ascorbic
          > or citric acid per quart of liquor.Allow spirits to sit undisturbed
          > until clear. Rack-off or carefully transfer the clear liquor to
          clean
          > jars for storage. (there will be a very small amount of pectin
          > clouding from the apples. I did not even notice it until the liquor
          > had been sitting in jars for a week. When I got the product out to
          > show my son-in-law, I noticed that there were some lees settled
          out on
          > the bottom of the quart jars, and the liquor had clarified some.)
          >
        • Michael
          ... Here in the USA, there are several types of frozen fruit juice concentrate available in the super market. Usually there is apple, orange, and fruit punch.
          Message 4 of 5 , Nov 7, 2006
            > Hi, Michael, hi folks,
            >
            > I will look in the supermarket but don't recall seeing apple juice
            > concentrate; perhaps it is more readily available in other countries
            > than Australia.
            >
            > Would it maybe work roughly as well to use apple juice, (at the
            > equivalent rate which would be several times the quantity) with very
            > high percentage alcohol so as to come out with about the same alcohol
            > concentration?
            >
            > Regards,
            >
            > The Baker
            >

            Here in the USA, there are several types of frozen fruit juice
            concentrate available in the super market. Usually there is apple,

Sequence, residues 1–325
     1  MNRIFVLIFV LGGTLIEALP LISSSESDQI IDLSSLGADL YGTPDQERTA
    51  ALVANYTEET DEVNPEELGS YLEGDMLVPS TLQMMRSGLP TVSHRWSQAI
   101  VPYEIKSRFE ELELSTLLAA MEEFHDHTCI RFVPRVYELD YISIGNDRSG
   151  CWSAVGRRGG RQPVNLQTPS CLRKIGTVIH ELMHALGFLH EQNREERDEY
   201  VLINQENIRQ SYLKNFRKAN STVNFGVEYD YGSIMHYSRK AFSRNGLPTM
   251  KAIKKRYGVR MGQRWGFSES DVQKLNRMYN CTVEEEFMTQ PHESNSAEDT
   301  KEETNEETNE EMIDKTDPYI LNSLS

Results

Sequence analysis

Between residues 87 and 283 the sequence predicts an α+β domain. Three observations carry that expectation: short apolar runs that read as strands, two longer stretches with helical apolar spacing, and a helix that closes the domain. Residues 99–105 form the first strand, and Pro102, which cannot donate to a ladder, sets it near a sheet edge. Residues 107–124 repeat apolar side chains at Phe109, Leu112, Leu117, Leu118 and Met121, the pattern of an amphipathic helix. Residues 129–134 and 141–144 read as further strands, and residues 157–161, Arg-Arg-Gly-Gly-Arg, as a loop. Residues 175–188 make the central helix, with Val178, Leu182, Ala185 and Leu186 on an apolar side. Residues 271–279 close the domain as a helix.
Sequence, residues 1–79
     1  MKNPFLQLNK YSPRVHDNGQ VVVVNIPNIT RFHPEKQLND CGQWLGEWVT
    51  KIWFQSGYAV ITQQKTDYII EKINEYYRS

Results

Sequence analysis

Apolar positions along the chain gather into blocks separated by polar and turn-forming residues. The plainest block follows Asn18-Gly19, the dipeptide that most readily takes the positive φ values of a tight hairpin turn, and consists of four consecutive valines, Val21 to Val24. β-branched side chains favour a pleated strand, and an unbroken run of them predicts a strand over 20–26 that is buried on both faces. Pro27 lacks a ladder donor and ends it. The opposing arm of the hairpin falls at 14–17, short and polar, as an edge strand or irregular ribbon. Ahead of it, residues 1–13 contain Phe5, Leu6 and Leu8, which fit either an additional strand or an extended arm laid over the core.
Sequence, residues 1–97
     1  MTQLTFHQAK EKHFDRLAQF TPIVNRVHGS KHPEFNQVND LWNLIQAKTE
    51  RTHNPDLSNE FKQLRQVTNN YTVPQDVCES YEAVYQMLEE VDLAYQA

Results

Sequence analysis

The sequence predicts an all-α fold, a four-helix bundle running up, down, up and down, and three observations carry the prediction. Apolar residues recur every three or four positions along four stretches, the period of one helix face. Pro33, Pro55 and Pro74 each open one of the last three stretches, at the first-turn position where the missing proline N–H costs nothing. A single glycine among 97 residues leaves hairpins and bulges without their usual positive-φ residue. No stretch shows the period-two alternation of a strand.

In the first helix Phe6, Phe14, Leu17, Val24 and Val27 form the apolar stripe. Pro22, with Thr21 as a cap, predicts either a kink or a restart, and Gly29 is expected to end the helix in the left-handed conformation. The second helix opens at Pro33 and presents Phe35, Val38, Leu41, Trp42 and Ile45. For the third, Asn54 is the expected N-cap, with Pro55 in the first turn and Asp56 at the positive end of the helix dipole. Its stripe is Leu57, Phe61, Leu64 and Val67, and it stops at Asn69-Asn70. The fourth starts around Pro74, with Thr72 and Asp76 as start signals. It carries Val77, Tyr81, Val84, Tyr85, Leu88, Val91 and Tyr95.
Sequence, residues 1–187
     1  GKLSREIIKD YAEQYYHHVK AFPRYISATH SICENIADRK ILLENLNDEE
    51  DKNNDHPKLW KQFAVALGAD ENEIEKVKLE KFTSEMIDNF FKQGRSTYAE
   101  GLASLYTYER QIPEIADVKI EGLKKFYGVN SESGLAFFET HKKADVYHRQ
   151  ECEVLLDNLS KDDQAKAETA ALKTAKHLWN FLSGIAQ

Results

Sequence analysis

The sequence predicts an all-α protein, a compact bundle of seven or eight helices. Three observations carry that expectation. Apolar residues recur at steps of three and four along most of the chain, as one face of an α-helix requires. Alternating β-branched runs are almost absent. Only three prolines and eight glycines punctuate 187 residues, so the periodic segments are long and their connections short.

orange, and fruit punch. I will admit that tese products are not as
            common as they once were. Much of the fruit juice is now sold as
            pasturized whole juice, in cartons or bottles.

            As to the possibility of using whole juice to dilute high test neutral
            spirits, that might work if you started with 95%abv. If you started
            with clarified apple juice. Raw apple juice contains a lot of pectin
            that clouds the result. Heating the pectin sets it and makes it
            unfilterable. I always dilute my high test to about 70% abv with water
            before filtering it through charcoal to reduce the pass through of
            water soluable congeners. This reduces clouding and off flavors. It
            also means I don't have high test to dilute with. When I tried to
            dilute 55% with whole apple juice it came out watery tasting. Anytime
            I have tried flavoring the high test before filtering, the active
            charcoal filtered out the flavors and such that had been added.
          • diskmaster23
            I just want you guys to make sure that when trying to make hard cider. Do not take the short-cut by buying store apple cider. If you do buy store apple cider
            Message 5 of 5 , Nov 8, 2006
              I just want you guys to make sure that when trying to make hard cider.

              Do not take the short-cut by buying store apple cider. If you do buy
              store apple cider find one without preservatives. That might be
              diffcult, but this might save those idiots (like me) some trouble.

              One hobbyist's mistake.

              Disk

              --- In Distillers@yahoogroups.com, "Cary Rhodes" <rhodeseng@...> wrote:
              >
              > I wish I had thought of that when my apples were in season. They
              > are all gone now.
              >
              > I tried making apple jack last year with little success.
              >
              > The column takes out all the character.
              >
              > cary
              >
              >